9. I have heard Mr. Dilip Taur, Advocate for the appellant and Mr. P.D. Dalvi, advocate for the respondent. I have also gone through the record and proceedings of the case with the assistance of the learned counsel for the parties.
10. The only point that arises for determination is whether it is for the welfare of minor Tushar to hand over his custody to the appellant. My finding is in the negative.
R E A S O N S
11.The appellant being the father of minor Tushar is his natural guardian. The respondent is the maternal grandfather of minor Tushar. Ordinarily the natural guardian should be appointed as guardian for the person of the minor under the Guardian and Wards Act, 1890. It is only when the natural guardian is found to be unfit or his interests are against the interest of the minor or in very exceptional circumstances, a person other than a natural guardian should be appointed guardian for the person of the minor.
12. In the present case the appellant has been acquitted of the offences punishable under Sections 498A, 304(B) r/w 34 of the Indian Penal Code for unnatural death of his wife Suvarna. At the time of the death of Suvarna, Tushar was only 15 months old. When the appellant and his relatives were arrested by the police the respondent applied for search warrant and obtained the custody of minor Tushar. Hence it cannot be said that the respondent obtained the custody of minor Tushar illegally. Since then Tushar is residing with the respondent. At present Tushar is about 81/ 2 years old and is taking education. The evidence on record shows that the respondent and his wife are educated though they cannot be said to be highly educated. The respondent has got two sons who are taking education. The respondent is the wholesale dealer of Tamarind and is in position to maintain Tushar though Tushar has applied for maintenance allowance under Section 125 of the Code of Criminal Procedure from the appellant. The evidence on record shows that adequate educational and medical facilities are available at the place of the respondent.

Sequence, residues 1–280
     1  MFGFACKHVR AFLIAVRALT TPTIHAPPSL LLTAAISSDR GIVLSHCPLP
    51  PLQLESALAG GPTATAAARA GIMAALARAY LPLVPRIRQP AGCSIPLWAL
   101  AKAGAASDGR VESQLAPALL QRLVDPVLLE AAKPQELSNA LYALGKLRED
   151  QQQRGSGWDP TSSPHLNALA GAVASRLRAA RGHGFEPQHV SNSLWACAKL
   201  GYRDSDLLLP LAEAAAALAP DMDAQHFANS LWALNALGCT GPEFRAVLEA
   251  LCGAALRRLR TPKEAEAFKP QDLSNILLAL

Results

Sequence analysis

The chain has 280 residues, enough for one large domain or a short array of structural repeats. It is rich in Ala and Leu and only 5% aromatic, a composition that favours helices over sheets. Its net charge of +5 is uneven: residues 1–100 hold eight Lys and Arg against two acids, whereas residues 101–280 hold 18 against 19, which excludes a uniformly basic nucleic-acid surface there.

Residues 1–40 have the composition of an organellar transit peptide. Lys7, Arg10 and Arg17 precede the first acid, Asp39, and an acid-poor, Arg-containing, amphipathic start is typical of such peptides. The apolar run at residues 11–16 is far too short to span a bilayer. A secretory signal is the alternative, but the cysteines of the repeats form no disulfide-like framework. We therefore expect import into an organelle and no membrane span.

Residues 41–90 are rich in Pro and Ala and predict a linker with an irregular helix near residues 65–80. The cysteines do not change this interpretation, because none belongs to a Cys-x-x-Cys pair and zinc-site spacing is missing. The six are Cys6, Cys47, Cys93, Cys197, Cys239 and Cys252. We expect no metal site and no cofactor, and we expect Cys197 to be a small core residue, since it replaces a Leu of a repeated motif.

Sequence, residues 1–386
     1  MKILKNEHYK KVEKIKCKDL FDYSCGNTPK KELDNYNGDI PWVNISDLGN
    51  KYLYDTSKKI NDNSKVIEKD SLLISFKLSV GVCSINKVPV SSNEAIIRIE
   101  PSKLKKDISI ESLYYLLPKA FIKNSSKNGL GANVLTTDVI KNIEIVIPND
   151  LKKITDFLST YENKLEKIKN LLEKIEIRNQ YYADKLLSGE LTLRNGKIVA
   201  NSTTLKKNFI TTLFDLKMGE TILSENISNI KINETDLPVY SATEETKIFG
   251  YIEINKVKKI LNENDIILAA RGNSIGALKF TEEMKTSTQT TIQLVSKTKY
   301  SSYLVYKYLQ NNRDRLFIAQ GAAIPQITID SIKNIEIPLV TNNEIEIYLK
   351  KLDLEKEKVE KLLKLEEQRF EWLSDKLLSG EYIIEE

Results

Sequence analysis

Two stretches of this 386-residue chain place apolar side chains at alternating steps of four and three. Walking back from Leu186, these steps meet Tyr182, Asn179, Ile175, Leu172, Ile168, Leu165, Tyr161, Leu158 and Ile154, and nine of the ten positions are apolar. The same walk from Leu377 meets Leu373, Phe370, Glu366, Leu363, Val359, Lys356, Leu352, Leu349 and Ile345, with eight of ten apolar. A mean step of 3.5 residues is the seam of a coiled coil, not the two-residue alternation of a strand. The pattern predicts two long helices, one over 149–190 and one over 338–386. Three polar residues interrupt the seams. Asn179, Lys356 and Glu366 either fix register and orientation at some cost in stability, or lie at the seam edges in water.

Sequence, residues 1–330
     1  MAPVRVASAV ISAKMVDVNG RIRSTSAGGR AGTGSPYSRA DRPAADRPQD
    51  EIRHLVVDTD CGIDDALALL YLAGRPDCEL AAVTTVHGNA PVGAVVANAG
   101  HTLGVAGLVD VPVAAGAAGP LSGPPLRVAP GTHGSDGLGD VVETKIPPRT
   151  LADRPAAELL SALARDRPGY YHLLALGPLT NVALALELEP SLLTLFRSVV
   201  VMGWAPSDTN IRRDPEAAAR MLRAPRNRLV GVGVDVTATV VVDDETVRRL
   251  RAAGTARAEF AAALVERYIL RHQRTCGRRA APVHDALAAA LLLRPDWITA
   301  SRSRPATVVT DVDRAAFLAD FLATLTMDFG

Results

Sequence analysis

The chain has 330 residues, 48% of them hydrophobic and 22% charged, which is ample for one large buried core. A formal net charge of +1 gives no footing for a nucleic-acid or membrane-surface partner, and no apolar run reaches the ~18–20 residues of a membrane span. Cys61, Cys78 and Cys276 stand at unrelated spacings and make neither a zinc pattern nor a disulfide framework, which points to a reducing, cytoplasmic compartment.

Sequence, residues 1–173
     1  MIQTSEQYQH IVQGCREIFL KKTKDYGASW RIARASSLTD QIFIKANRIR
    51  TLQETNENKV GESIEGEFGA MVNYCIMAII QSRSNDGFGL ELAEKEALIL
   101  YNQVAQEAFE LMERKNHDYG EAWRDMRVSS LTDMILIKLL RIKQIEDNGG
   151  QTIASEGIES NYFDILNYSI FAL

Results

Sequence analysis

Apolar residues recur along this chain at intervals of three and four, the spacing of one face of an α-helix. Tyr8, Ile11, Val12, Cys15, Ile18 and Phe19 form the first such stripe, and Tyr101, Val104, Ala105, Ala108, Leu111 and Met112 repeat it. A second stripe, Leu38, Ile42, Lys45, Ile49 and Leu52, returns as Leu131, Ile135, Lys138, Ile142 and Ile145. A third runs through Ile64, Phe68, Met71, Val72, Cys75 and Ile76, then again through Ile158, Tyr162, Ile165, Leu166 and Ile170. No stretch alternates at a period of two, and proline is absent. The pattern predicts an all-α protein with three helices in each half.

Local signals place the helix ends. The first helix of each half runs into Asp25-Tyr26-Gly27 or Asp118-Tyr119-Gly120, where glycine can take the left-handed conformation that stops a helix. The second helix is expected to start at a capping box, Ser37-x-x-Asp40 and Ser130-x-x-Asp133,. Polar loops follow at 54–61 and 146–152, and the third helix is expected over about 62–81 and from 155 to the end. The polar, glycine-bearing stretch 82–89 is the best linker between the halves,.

13. The appellant is in service and is earning. He has got his parents and he is also anxious to spend for the better future of his son Tushar. However, during the pendency of the proceedings, the appellant remarried and out of the second marriage, he has got a daughter. His second wife and daughter are residing with him. In these circumstances in my opinion it would not be proper to hand over the custody of minor Tushar to the appellant though he is natural guardian of Tushar. The presence of stepmother of Tushar cannot be neglected.
14. Mr. Dilip Taur, the learned counsel for the appellant, vehemently urged that the remarriage of the appellant cannot be a ground for rejecting his Page 1376 claim for the custody of his minor son. In support of his submission he heavily relied on two cases :
(i) Wahidunissa Begum W/o Abdul Wahid and Anr. v. Shaikh Abdulla S/o Sk. Maheboob 2000(1) Mh.L.J . 136.
(ii) Keshav S/o Ganpatrao Hedau .v. Damodhar S/o Udaramji Kandrikar and Anr. 2004(4) Mh.L.J . 1104 .
15. On facts the case of Wahidunissa is different because in that case Shaikh Abdulla had a daughter Salma and a son Sajid (Sk. Muddassar) from his wife Nazmunnissa, who died of burn injuries at her matrimonial house. Thereafter daughter Salma continued to reside with her father and even was staying with her father and step mother right from the beginning, whereas Sajid (Sk. Muddassar) was in the custody of his maternal grandmother. Shaikh Abdulla was serving as a Lecturer and after his acquittal he was continued in the service. Secondly Shaikh Abdulla was residing in Nanded city whereas the maternal grandmother of the minor was residing at village Dharmabad. In those circumstances, the court thought it better that the welfare of the child would require that he should stay with his father. In the present case minor Tushar has no real sister but he will have to reside with his stepmother and stepsister, in case the custody is handed over to the appellant.
16. In the second case the minor namely Rohit was residing with his natural mother who remarried and was residing with her second husband along with Rohit in Amravati city. In these circumstances the court held that second marriage does not disentitle the mother to act as guardian of the minor in preference to the paternal grandfather.
17. Thus both the cases relied upon by the learned counsel for the appellant are distinguishable on facts and would not help the cause of the appellant.
18. I find that the trial Court has properly considered the evidence on record and has come to the conclusion that the appellant is not entitled for the custody of the minor. I find no reason to disagree with the findings of the learned trial Judge. Of course, the appellant may apply for the custody of Tushar in case of change in circumstances like death of the respondent before attaining majority by Tushar. Hence, I pass the following order :
19. The appeal is dismissed with costs.